The first step is review the objectives you had when you first implemented your CRM. If this was in place before you joined, reaching out to peer executives, marketing team, and sales reps can answer this (hopefully.) Then assess your current workflow and usage. As a start, get answers to the following:
This exercise wil branch off into other questions, but knowing where you are is the place to start to see what options you have and where you want to go.
Once you are confident your system provides an accurate history of accounts, you can then explore ways to have it provide a view into the future. Some areas that your CRM would be able to surface for you are purchasing patterns, most profitable customers, better account management, identifying accounts in crisis, competitor displacement, and vertical industry trends.
To do this, visibility is key. Having mandatory fields reps should populate will help achieve this. A good start would be to at least have:
One of the biggest mistakes that businesses make when it comes to their CRM software is the features they don’t use. This happens because they invest in CRM with a handful of problems in mind, so they’re content as long as it solves them. But if you want to maximize your ROI, you should be utilizing every feature available to you. more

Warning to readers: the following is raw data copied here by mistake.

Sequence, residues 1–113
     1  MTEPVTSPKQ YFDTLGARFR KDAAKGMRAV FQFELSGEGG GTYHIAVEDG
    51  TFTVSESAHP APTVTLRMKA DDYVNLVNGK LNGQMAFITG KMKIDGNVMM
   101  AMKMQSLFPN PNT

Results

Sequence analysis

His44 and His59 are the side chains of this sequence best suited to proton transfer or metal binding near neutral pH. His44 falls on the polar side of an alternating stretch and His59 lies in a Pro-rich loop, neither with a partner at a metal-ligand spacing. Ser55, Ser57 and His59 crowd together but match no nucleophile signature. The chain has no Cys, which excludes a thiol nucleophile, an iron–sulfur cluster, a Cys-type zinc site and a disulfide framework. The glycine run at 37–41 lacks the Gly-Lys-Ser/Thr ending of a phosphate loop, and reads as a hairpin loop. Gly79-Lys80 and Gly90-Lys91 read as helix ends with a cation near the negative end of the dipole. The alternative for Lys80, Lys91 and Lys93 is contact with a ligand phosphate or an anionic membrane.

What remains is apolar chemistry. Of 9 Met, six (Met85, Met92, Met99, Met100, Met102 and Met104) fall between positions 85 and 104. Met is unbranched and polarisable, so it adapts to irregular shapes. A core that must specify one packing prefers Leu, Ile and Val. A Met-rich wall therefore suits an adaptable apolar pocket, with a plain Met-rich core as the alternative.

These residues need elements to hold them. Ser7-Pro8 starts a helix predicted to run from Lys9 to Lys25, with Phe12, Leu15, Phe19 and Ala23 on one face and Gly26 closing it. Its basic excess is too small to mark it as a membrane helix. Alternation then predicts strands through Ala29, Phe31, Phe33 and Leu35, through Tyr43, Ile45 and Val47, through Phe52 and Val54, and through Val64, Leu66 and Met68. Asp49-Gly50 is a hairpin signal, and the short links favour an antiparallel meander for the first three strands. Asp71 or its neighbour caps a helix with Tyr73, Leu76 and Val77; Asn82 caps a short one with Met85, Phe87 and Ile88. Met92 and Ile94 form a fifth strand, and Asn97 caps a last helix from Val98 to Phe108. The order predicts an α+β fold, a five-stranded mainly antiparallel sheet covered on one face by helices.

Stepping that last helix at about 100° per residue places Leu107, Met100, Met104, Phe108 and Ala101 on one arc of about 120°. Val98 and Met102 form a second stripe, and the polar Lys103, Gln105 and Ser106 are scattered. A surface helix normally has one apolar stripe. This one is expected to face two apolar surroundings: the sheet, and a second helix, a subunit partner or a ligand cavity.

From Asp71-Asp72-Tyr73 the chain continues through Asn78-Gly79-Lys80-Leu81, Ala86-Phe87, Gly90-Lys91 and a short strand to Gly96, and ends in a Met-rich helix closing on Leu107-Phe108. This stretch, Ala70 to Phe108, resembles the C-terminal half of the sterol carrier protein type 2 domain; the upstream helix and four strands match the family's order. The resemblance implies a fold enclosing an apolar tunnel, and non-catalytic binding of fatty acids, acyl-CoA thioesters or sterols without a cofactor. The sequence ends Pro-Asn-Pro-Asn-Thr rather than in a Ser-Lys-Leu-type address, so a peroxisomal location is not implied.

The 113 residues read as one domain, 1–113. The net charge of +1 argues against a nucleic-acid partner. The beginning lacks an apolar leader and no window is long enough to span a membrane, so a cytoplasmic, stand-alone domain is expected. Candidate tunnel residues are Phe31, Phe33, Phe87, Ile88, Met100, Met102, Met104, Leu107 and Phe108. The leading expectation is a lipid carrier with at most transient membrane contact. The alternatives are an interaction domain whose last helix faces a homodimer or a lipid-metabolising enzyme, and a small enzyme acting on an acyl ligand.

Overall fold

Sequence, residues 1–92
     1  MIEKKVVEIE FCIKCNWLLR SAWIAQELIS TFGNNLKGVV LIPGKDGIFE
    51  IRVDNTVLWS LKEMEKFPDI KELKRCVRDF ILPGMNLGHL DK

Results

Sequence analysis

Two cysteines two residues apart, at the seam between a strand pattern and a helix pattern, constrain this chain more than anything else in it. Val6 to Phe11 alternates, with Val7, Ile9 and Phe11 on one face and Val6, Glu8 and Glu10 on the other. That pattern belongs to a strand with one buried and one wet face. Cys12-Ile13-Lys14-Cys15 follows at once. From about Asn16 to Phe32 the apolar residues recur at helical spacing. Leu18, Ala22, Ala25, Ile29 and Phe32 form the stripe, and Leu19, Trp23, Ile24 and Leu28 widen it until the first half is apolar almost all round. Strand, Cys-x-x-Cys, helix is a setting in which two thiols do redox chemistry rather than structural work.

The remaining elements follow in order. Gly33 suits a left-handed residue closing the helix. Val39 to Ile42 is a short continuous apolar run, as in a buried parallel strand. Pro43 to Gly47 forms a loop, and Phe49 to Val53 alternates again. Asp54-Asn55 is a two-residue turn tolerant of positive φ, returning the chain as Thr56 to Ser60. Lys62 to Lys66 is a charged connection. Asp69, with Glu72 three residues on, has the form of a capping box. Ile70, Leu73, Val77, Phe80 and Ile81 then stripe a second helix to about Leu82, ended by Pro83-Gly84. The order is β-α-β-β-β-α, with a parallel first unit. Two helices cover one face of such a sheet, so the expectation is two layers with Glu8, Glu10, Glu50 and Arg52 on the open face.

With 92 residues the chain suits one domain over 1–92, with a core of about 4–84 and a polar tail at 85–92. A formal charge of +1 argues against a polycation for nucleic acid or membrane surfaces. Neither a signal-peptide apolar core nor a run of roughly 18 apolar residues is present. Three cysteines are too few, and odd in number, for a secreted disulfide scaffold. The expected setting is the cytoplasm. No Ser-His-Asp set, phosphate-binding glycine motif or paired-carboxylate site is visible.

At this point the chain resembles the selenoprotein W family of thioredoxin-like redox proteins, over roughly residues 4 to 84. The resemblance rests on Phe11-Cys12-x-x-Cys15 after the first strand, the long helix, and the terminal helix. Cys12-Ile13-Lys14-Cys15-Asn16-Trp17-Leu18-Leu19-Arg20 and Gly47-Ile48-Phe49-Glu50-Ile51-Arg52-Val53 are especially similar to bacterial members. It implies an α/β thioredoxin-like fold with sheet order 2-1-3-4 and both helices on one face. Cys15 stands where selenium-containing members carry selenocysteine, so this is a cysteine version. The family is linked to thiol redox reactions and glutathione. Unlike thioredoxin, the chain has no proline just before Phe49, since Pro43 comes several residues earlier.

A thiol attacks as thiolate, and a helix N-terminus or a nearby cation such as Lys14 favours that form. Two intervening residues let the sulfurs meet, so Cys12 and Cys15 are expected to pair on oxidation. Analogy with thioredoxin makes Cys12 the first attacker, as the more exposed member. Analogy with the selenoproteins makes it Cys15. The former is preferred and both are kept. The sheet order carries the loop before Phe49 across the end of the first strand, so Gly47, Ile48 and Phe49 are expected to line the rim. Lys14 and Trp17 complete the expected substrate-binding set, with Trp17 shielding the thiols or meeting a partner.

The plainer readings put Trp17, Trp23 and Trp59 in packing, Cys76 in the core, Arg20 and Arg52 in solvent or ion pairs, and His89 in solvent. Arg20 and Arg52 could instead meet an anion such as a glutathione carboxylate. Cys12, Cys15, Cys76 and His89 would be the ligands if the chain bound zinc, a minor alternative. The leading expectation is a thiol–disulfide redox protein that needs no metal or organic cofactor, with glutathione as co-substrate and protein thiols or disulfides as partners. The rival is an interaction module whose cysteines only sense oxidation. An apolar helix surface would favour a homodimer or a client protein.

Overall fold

VoIP makes a lot of sense for educational institutions—and it’s not just because of the substantial cost savings. Other benefits include increased efficiency and integration options. Emergency responsiveness can even be improved. more
The telemedicine revolution is finally happening. Experts have been discussing the potential for patients and healthcare providers to connect remotely for years, but the market is just now moving to adopt it—in a big way. Data suggests this market will grow over 14% annually through 2020! more